By now, much of the world has heard of NFTs. The craze struck the hearts and minds of seemingly everyone in the space. From Beeple to Eminem, Ellen, and even Paris Hilton - it seems like anyone and everyone has launched an NFT.

A Brief History of NFTs

The history of NFTs goes back a lot further than many may think. Some of the first NFTs started sprouting up around 2014 with the creation of CounterParty, which ran on the Bitcoin blockchain. Fast forward a few years, and with the 2017 Ethereum bull run came some new NFT projects in the form of RarePepes, CryptoPunks, and the big fish to enter: Axiom Zen/Dapper Labs with CryptoKitties. In recent years, OpenSea, Rarible, SuperRare, and many other NFT platforms have joined the industry and continue to push the current NFT boom. Widespread adoption of MetaMask and other Web3 wallets has only helped boost this trend even further.

The NFT Ecosystem (source)

IPFS: The InterPlanetary File System

IPFS, or The InterPlanetary File System, is an open-source project created by Protocol Labs. It’s described as “a distributed system for storing and accessing files, websites, applications, and data.”

(source)

At its core, IPFS is a versioned file system that has the ability to store content and track various versions over time. Along with that, it controls how files/data are moved around the network. IPFS pushes for decentralization by supporting a resilient internet, subverting content censorship, and improving web connectivity and speed for those in remote or otherwise disconnected places.

In IPFS's vision to create a permanent and distributed web, it uses a content-addressed system instead of the location-based system that HTTP uses. This is achieved by assigning a cryptographic hash to be used as the address for each file that is stored. Below is an example of how a traditional URL looks vs. an IPFS file path. To easily access the IPFS network, you can type in "https://ipfs.io" at the beginning of the hashed URL below. Here’s a mirrored version of the Aardvark article, courtesy of Protocol Labs:

URL:

https://en.wikipedia.org/wiki/Aardvark

IPFS:

https://ipfs.io/ipfs/QmXoypizjW3WknFiJnKLwHCnL72vedxjQkDDP1mXWo6uco/wiki/Aardvark.html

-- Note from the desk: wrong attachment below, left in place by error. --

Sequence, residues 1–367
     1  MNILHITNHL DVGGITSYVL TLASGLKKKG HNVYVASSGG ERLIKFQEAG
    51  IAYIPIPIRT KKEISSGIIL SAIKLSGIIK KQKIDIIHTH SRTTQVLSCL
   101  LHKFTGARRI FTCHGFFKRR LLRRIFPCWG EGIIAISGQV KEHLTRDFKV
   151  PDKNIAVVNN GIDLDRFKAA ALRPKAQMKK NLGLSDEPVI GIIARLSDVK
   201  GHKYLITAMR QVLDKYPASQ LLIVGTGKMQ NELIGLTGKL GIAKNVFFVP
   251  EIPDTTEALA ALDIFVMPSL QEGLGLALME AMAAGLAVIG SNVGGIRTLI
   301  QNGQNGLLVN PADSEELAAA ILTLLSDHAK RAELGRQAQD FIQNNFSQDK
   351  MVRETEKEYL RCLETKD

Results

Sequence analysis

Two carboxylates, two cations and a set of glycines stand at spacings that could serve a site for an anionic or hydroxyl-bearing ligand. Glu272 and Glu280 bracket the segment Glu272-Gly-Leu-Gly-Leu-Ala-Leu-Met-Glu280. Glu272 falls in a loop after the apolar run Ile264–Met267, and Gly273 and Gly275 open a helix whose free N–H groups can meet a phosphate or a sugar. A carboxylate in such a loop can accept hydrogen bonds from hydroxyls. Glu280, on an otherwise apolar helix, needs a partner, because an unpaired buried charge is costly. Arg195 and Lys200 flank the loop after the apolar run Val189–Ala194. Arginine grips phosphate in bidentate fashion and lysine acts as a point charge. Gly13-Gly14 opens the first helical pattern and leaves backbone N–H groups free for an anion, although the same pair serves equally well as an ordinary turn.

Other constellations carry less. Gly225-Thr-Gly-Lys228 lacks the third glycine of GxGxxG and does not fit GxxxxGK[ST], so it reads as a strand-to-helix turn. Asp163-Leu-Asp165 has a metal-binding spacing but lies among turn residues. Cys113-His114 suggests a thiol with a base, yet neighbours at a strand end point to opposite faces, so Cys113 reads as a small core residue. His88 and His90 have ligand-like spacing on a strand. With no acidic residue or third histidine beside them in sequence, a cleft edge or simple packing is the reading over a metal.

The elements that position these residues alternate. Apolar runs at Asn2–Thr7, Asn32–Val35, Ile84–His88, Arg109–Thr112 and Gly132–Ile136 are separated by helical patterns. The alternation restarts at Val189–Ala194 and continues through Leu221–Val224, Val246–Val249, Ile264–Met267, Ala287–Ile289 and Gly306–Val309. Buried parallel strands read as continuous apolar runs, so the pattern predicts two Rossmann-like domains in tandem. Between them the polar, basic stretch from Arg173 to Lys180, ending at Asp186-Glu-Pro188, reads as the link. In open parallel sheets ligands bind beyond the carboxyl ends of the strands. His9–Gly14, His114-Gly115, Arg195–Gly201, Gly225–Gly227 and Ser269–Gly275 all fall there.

IPFS supports a stronger internet. For example, if a website you’re trying to visit is attacked, its domain expires, or its server goes down... you would be out of luck. With IPFS, you would still be able to serve up the same website from somewhere else. Thanks to the ability for files to come from many places, it is harder for anyone to block and censor data or content. Finally, as the “InterPlanetary File System,” the goal is to build a system that works anywhere - even on other planets. The team at IPFS sees this as an attainable objective, and that is a huge awesome-factor to me.

For more information on IPFS, check out https://docs.ipfs.io/#decentralization.


IPFS and NFTs: The Relationship

Most NFTs function by storing data off-chain. From the NFT, a URL is used to point to the data somewhere within the internet. Now as you know, links can change, die, or lead you somewhere completely different than expected.

Here's an example scenario of the above: March 11, 2021, was the day that Mike Winkelmann made history. Most know him by the name of Beeple and he sold the "Everydays: The First 5000 Days" NFT for $69 million. Imagine you bought that NFT and have access to it via a URL, with the data being stored off-chain. You open the link, expecting to see your beautiful NFT art, but see this instead:

That would be a problem, especially as you had just paid $69 million for it. Most of us don't purchase NFTs for anything close to that price, but this could happen to anyone out there who has purchased an NFT, no matter the price of that NFT.

So, what is an easy solution for this? IPFS. As a network that uses cryptography and is built in relation to the blockchain, your files don't come from a standard URL, and you are ensured that it will always be there, no matter what. For example, Beeple’s work is stored on IPFS, and many other NFTs use IPFS for primary or secondary storage.

With IPFS, you are using a network of different hosts to help store your files (as long as someone is hosting the file on the network), rather than accessing the content from a specific domain or server, as normal HTTP does. If you've heard of Filecoin, this is the coin that is mined by users who dedicate storage servers to the IPFS network, and serves as the incentive for hosts to keep the network up and running.

Currently, it is a bit of a grey area when it comes to who is responsible for the storage of an NFT - the artist or the buyer. Regardless, if you have ever purchased an NFT, I would recommend backing up the file with the IPFS.

If you ever want to upload some of your own NFTs to this distributed network, check out Pinata. They are a cloud storage company that currently operates with IPFS. They have free accounts for storing under 1/GB of content and have scaled priced plans as well. I have used them for some of my files and they are quite easy to use. I would also recommend checking out the actual IPFS and browsing through it a little bit to get your feet wet.


The NFT space is new and fresh. This won't be going away anytime soon, so make sure your content is stored safe and secure. I suggest that people start using the IPFS at least for a secondary backup, if not primary for important files and NFTs. We are truly living in an exciting time that brings the power of blockchain to old practices, making them better.

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